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Page:Popular Science Monthly Volume 56.djvu/721

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thirty-knot destroyers now in her Majesty's service, but have slightly more displacement. The boilers are about twelve per cent larger, and it is estimated that upward of ten thousand horse power will be realized under the usual conditions, as against sixty-five hundred with reciprocating engines.

The engines of these vessels are in duplicate. Two screw shafts are placed on each side of the vessel, driven respectively by a high-and a low-pressure turbine; to each of the low-pressure turbine shafts a small reversing turbine is permanently coupled for going astern, the estimated speed astern being fifteen knots and a half, and ahead thirty-five knots; two propellers are placed on each shaft.[1]

The latter of these two vessels has commenced her preliminary trials, and has already reached a speed of thirty-two knots. The manipulation of the engines is a comparatively simple matter, as to reverse it is only necessary to close one valve and open another, and, owing to there being no dead centers, small graduations of speed can be easily made.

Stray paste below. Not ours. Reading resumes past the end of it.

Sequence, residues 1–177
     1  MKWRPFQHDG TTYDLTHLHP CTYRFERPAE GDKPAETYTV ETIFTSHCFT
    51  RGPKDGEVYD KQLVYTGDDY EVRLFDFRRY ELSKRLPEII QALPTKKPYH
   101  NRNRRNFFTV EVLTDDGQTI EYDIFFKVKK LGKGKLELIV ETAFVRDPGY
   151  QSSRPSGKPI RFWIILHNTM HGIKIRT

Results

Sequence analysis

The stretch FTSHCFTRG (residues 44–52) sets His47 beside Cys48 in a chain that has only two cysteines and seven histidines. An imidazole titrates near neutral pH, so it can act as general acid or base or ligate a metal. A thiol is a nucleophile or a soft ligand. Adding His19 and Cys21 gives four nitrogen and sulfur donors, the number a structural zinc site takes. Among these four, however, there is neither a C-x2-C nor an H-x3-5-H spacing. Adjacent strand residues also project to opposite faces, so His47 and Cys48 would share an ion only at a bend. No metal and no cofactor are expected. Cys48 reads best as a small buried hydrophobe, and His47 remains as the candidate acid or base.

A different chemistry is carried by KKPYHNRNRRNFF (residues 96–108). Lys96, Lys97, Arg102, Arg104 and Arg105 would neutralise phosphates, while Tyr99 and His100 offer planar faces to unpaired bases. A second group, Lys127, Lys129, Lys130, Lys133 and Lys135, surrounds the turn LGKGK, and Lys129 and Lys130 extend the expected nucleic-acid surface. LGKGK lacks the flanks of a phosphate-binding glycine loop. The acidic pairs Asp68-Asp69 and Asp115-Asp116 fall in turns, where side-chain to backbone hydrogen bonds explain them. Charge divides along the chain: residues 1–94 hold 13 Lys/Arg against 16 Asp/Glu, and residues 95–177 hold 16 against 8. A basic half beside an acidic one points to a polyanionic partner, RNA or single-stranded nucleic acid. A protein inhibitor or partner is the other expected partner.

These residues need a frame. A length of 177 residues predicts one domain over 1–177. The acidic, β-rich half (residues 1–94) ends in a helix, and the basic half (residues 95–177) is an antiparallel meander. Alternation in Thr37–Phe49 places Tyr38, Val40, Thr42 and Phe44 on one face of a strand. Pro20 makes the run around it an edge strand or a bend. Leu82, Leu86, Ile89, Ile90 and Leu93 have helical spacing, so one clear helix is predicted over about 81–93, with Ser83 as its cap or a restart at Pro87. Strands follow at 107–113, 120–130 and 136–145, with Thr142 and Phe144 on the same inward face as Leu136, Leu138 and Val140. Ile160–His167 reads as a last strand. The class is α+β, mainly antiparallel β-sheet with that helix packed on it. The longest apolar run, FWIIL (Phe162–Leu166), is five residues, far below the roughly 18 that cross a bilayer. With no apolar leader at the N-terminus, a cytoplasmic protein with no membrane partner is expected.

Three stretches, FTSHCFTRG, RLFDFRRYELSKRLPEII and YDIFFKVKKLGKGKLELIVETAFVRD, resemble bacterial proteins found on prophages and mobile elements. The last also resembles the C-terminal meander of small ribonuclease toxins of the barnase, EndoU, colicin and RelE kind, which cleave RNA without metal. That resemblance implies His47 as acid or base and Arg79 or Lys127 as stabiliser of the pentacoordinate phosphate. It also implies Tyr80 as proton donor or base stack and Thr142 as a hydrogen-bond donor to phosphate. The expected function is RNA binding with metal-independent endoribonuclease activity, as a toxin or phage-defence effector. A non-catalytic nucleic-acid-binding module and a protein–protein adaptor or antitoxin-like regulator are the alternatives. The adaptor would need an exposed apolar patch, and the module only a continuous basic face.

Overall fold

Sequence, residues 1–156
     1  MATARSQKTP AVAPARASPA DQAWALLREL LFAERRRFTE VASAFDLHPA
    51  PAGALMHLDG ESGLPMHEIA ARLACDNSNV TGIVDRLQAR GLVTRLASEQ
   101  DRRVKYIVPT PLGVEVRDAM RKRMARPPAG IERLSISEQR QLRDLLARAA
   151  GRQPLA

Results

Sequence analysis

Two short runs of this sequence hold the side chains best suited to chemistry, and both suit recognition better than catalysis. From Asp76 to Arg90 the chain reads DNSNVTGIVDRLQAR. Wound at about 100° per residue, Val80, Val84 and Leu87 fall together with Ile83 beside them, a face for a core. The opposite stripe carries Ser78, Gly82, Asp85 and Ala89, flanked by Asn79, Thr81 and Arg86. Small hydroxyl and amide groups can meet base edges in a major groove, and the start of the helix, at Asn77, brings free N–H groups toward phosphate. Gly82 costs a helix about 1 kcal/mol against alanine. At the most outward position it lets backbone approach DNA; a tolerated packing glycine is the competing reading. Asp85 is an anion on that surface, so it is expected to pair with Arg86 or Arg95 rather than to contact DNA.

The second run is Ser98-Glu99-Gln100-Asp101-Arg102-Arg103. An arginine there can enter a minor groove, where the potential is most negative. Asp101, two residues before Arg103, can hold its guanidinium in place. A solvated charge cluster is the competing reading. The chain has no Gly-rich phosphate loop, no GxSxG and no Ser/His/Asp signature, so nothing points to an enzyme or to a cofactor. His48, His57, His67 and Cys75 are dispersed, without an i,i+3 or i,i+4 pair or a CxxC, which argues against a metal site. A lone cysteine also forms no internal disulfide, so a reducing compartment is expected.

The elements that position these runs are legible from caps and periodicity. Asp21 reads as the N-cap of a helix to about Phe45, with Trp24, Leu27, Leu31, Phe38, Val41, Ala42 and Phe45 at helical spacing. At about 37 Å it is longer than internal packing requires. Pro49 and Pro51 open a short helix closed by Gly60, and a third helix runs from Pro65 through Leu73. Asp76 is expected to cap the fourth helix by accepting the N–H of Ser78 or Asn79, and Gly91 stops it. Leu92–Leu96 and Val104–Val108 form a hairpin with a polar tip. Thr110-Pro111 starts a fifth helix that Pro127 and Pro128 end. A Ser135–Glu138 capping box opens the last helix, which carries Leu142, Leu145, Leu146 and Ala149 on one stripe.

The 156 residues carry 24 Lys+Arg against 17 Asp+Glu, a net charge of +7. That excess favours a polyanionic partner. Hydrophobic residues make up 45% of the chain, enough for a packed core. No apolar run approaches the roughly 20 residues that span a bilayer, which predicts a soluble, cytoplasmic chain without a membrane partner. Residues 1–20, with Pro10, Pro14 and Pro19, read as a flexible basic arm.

In regard to the general application of turbine machinery to large ships, the conditions appear to be more favorable in the case of the faster class of vessels such as cross-Channel boats, faster passenger vessels, cruisers, and liners; in such vessels the reduction in weight of machinery, as well as economy in the consumption of coal per horse power, are important factors in the case, and in some vessels the absence of vibration, both as regards the comfort of passengers, and in the case of ships of war permitting greater accuracy in sighting of the guns, is a question of first importance.

As regards cross-Channel boats, the turbine system presents advantages in speed, absence of vibration, and, owing to the smaller diameter of the propellers, reduced draught.

As an instance, a boat of two hundred and seventy feet length, thirty-three feet beam, one thousand tons displacement, and eight feet six inches draught of water could be constructed with spacious accommodation for six hundred passengers, and with machinery developing eighteen thousand horse power; she will have a sea speed of about thirty knots, as compared with the speed of nineteen to twenty-two knots of the present vessels of similar size and accommodation.

It is, perhaps, interesting to examine the possibilities of speed that might be attained in a special unarmored cruiser, a magnified torpedo-boat destroyer of light build, with scanty accommodation

  1. On her second trial trip the Viper attained a mean speed of 34.8 knots, her fastest trial being over 35 knots, or about 41 statute miles per hour, with an indicated horse power of 11,000. This vessel is of about 350 tons displacement.